"Katrina exposed serious problems in our response capability at all levels of government".
"To the extent the federal government didn't fully do its job right, I take responsibility."
"Are we capable of dealing with a severe attack? That's a very important question and it's in the national interest that we find out what went on so we can better respond,"
-President George W. Bush.
Well, I just heard on CNN and then verified by checking Fox that Bush says he accepts responsibility for things that the federal government did wrong in the response to Katrina. This puts his more zealous supporters in awkward position. 1) A dedicated minority will now have to accept that the response was less than perfect and all the stories of problems weren't just stories made up by the "MSM". I haven't actually been able to stomach reading the posts but it's my understanding that this blogger for instance is advancing the general proposition that the federal response was a model of perfection. I wonder what he'll say now. Is Bush a Bush-hater? Has the MSM gotten to him with orbital throught-control beams or something? The mind boggles. 2) Those who are connected enough to reality to allow for the possibility that not everything was handled as completently as it could have been but were going for the popular "blame the locals" strategy now have to confront the fact that Bush is more willing to hold himself to account than they are.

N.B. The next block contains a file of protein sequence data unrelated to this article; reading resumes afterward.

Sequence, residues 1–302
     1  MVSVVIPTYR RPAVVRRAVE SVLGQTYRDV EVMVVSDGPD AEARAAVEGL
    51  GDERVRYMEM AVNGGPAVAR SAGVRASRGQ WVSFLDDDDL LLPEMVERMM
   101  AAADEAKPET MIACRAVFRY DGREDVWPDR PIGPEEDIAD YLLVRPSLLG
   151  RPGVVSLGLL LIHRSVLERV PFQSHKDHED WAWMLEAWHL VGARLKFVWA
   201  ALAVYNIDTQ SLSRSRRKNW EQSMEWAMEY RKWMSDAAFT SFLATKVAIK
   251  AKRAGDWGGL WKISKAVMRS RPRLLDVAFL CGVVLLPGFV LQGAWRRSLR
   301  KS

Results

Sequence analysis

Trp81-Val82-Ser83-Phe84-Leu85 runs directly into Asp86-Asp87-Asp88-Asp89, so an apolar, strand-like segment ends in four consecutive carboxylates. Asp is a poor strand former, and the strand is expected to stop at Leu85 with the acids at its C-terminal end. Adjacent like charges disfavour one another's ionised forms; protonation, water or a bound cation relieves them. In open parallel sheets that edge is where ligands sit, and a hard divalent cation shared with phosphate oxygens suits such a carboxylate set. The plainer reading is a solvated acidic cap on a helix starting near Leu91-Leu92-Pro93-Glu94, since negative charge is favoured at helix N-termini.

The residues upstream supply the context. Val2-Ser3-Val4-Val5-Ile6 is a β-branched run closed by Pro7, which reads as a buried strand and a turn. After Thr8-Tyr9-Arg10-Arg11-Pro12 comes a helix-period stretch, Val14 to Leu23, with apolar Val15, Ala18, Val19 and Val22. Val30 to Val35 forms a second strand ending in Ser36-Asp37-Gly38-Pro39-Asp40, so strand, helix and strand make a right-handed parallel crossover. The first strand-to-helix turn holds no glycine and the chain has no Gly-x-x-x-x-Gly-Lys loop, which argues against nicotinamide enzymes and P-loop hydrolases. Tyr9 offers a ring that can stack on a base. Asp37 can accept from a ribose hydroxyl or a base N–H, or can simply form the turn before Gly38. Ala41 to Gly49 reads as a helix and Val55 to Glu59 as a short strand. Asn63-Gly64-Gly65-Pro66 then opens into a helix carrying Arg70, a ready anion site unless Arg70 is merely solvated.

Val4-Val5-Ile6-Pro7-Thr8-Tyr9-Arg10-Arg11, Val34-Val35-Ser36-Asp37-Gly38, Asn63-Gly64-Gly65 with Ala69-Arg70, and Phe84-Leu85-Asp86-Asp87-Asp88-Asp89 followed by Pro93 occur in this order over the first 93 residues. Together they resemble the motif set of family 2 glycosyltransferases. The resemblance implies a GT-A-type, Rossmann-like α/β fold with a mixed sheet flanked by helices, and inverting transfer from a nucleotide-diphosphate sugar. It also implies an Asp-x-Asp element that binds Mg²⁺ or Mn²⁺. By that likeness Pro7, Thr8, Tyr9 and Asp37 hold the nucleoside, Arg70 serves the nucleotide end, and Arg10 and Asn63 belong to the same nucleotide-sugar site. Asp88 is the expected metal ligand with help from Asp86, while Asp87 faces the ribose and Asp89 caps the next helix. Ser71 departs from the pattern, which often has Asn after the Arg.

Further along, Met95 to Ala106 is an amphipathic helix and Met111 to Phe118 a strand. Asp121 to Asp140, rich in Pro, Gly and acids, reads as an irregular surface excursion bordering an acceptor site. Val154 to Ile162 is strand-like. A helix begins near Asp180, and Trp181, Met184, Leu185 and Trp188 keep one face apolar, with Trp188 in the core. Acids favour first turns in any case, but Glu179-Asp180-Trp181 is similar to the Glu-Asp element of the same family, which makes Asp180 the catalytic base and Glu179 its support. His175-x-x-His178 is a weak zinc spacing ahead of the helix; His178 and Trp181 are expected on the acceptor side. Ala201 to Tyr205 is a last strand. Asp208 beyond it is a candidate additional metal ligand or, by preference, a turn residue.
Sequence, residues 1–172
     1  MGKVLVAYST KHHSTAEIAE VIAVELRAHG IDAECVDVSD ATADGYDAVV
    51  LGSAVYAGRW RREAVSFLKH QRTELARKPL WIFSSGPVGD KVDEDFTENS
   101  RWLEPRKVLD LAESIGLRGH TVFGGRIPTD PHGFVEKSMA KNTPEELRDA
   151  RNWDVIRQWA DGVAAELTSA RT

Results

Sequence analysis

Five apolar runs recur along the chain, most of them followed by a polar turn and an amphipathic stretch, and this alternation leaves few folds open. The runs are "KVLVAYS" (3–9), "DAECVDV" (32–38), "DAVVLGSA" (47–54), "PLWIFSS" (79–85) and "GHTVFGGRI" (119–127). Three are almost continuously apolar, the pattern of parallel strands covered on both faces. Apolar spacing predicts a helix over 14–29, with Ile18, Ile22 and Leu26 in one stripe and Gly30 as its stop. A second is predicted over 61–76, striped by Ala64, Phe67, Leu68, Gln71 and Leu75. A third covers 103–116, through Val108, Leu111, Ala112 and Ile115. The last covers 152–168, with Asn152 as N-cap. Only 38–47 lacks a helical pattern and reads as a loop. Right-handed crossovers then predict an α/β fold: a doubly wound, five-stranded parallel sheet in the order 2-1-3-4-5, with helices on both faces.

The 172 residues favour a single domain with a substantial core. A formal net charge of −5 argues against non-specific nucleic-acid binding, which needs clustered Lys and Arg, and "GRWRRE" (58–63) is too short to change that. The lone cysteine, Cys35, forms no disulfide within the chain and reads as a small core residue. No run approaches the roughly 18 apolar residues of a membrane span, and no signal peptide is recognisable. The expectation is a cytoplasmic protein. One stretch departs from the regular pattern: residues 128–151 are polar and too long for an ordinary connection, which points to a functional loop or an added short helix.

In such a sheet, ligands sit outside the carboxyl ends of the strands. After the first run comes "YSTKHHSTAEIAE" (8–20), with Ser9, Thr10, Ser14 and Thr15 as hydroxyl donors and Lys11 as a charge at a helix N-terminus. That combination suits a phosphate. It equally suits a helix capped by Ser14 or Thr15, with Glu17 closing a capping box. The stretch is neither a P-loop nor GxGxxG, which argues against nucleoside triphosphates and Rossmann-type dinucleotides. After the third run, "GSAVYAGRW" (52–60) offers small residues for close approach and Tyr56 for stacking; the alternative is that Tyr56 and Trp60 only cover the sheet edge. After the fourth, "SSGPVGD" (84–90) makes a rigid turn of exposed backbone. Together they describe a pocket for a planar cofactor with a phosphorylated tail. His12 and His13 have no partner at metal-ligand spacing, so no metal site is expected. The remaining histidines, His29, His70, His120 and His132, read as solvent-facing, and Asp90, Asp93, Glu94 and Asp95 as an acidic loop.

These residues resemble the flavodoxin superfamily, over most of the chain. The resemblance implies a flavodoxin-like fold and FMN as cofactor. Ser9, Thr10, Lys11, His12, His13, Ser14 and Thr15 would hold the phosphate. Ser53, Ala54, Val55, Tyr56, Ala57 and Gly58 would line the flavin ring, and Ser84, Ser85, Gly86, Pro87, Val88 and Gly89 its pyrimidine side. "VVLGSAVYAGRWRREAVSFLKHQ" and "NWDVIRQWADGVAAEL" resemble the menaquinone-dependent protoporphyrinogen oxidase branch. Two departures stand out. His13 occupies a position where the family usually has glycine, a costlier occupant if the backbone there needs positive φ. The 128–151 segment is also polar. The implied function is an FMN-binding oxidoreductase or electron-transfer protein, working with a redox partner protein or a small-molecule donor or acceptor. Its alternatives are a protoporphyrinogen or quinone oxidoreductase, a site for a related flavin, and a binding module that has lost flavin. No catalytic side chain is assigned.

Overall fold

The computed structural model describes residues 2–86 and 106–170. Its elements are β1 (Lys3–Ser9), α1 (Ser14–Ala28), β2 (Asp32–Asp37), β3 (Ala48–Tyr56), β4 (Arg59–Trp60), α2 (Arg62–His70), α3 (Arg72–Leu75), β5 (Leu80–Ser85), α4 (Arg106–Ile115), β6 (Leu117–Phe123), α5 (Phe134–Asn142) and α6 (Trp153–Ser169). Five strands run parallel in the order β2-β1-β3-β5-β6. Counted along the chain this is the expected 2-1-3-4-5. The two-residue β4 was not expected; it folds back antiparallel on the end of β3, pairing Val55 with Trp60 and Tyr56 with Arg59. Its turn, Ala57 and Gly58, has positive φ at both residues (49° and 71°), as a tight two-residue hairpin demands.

As I type, I'm sure fingers are furiously pounding away at keyboards forming posts saying something to the effect that Bush is only responding to pressure from the dastardly MSM. Oh yeah, that sounds just like him all right. And isn't the fact that he never, ever does that the reason you like him? Everywhere you turn, some kind of brain malfunction or self-contradiction. Does not compute! Does not compute! etc. etc.
(I did trackback for this so if some partisan robots come over here from there, please be aware that I'm not a Bush-hater, I'm pro War on Terror including War in Iraq and I find the response of the Bush-haters on these issues to be equally tiresome. I volunteered for the 96-hour task force for Bush in New Hampshire and, obviously, voted for him, though I regret some of that now. I just think that the pro-Bush blogosphere has gotten increasingly shrill and goes to lengths to defend to Bush administration beyond even what they do themselves.)